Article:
The writing quality has become especially
depressing of late. Marvel's Trio, written by Roy
Thomas, is a prime example of the downhill trend. The
plots are crammed full of characters and complicated
to the point of incomprehensibility. Recent issues have
contained an overabundance of gods (Asgardians,
Olympians, Eternals, and Celestials), wearing a good
gimmick to the ground.
There has been a continuing effort in some sectors of
the industry to produce adult-oriented comic books
outside the jurisdiction of the Comics Code Authority.
These comics usually appear in. magazine format
-black and white, with only occasional full-color
pages-and though they've been marginally successful
in sales, they've been for the most part artistically
Comics to8

By Michael Arkush
IEEP IN THE HEART of the
midwest, the show opened.
Jammed into the ballroom of
a es Moines hotel, the second
American political miracle in four
years made his stunning debut. With
the rave reviews just recorded, the New
Face of 1980 jogged into the room to
take his bow. The show had been a suc-
cess. The audience couldn't stop the
applause.
This was Iowa, and the star was
George Bush. On that night, he had
achieved the impossible by beating
Republican frontrunner and party god-
father Ronald Reagan in the state's
caucuses. Emerging from complete ob-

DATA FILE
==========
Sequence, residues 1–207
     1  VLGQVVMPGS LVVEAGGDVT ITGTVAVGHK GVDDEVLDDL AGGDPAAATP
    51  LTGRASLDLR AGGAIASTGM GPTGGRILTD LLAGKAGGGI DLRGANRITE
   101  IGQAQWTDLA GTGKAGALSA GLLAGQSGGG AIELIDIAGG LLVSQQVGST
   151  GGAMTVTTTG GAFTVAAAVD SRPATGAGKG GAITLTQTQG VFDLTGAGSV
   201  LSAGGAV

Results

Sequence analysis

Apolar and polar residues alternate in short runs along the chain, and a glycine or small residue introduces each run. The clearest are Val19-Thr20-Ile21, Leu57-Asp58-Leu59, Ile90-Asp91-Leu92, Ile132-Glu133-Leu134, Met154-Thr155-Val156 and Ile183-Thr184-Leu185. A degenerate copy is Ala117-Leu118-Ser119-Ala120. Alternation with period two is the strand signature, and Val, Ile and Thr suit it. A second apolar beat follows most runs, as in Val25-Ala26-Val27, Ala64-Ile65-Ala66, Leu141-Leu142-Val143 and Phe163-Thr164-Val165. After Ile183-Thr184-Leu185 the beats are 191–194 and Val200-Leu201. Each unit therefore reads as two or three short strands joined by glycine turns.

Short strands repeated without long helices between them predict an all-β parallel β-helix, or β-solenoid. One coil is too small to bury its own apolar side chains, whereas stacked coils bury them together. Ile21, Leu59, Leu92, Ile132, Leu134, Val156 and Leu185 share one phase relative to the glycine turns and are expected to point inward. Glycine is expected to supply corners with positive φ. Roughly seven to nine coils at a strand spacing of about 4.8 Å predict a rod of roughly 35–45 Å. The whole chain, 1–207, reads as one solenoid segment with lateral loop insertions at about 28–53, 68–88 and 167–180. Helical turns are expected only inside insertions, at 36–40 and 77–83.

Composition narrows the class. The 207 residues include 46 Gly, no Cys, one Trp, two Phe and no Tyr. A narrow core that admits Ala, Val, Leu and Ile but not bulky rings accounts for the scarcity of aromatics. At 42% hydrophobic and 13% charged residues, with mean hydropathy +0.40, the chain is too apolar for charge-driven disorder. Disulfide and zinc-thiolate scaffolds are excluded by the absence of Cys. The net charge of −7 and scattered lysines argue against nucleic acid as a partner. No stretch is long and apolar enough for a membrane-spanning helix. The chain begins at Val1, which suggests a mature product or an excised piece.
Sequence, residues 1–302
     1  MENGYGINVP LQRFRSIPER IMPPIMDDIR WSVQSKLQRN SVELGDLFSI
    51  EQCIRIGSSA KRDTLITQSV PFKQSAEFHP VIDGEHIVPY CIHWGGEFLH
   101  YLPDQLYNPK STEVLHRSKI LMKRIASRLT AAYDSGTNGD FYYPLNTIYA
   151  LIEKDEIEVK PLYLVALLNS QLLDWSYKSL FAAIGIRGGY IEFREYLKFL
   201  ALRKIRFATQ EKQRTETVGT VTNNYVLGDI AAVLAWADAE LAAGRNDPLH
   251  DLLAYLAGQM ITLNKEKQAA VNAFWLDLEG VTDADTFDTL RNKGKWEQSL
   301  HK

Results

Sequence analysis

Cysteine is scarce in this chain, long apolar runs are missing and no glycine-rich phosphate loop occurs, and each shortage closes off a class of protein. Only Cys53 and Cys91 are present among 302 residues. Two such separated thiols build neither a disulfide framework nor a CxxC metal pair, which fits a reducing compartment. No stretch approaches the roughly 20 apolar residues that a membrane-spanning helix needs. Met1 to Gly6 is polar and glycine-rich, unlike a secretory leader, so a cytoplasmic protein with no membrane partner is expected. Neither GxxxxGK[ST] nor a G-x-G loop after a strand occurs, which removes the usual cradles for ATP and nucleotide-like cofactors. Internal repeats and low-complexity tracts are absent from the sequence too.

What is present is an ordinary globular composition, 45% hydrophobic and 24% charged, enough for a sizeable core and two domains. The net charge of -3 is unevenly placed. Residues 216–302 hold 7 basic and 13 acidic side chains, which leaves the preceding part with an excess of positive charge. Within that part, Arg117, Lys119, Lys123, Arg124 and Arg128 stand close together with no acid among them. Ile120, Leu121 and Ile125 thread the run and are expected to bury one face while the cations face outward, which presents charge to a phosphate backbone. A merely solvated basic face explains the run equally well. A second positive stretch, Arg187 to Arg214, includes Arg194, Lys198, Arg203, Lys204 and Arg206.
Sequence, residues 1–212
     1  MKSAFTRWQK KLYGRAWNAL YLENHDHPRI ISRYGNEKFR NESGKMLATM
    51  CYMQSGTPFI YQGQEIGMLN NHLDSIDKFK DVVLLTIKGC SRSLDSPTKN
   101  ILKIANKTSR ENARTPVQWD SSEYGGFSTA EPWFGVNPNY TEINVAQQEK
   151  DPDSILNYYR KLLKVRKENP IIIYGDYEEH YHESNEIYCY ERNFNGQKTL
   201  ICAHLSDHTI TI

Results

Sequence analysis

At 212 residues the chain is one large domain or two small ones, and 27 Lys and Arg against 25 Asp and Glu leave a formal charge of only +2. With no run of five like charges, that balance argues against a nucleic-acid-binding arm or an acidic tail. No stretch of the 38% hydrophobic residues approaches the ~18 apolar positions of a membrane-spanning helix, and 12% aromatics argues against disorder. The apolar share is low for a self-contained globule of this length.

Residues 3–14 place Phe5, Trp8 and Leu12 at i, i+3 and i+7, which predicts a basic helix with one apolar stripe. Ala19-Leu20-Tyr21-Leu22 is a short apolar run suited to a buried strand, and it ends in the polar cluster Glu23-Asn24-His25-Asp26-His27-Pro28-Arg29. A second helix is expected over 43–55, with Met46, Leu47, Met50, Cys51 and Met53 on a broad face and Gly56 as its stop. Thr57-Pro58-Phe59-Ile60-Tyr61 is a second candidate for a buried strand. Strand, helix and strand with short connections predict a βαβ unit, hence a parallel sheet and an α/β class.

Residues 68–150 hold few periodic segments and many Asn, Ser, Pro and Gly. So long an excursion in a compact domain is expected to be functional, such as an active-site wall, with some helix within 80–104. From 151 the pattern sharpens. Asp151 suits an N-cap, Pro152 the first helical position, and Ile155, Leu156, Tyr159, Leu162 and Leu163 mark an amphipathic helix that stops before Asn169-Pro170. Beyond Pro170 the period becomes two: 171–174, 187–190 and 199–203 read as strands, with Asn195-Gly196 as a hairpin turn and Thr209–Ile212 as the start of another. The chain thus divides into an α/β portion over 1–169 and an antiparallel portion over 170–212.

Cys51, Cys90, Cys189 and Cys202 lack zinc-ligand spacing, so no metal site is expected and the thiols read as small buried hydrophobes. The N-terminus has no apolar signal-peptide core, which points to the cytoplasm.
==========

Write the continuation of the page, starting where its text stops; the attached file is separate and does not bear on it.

scurity, this maverick from Connec-
ticut had just captured first place in the
year's presidential primary circuit.
With'-the first victory firmly in his
grasp, the star came out to address the
fans, counseling them that the fight had
only just begun, but that the future
looked promising. Bush seemed almost
to be two men up there on victory night:
There was the Knute Rockne element,
the coach giving a pep rally to his sup-
porters, but the candidate also showed
signs of General George Patton, the
bold leader, serious about the fight
ahead. "I feel we have the momentum
now, and we can take this thing across
the nation. We're building, and we'll
keep fighting till we win. It's about time
America had a president who could
lead it," Bush said, glowing with pride
and optimism.
Jumping off the stage to huddle with
the troops, General Bush looked like a
formidable challenger for the presiden-
cy. He was relatively young (55), he
was well-educated, and he had an un-
matched list of credentials. He was
going some place. He had Momentum.
Fourteen hundred miles and five
weeks later, it was all gone.
Several events during that interim
period can be blamed for the Great
Collapse-the Nashua debate, the in-
fluential Manchester Union Leader's
support of Ronald Reagan, and
Reagan's return to campaigning-but
the rise and fall of George Herbert
Former Daily editor Michael Ar-
kush has spent the past two months
on the bus with George Bush and
the other presidential primary can-
didates.

Walker Bush goes much deeper than
that.
The script he followed from the
beginning was plagiarized from its
creator, Jimmy Carter, who in 1976
came from nowhere to win the Iowa
caucus and the New Hampshire
primary. The plan was first developed
by Carter's campaign strategist;
Hamilton Jordan, who believed that by
scoring early, impressive victories in
Iowa and New Hampshire, the can-
didate could quickly acquire national
media exposure. With the new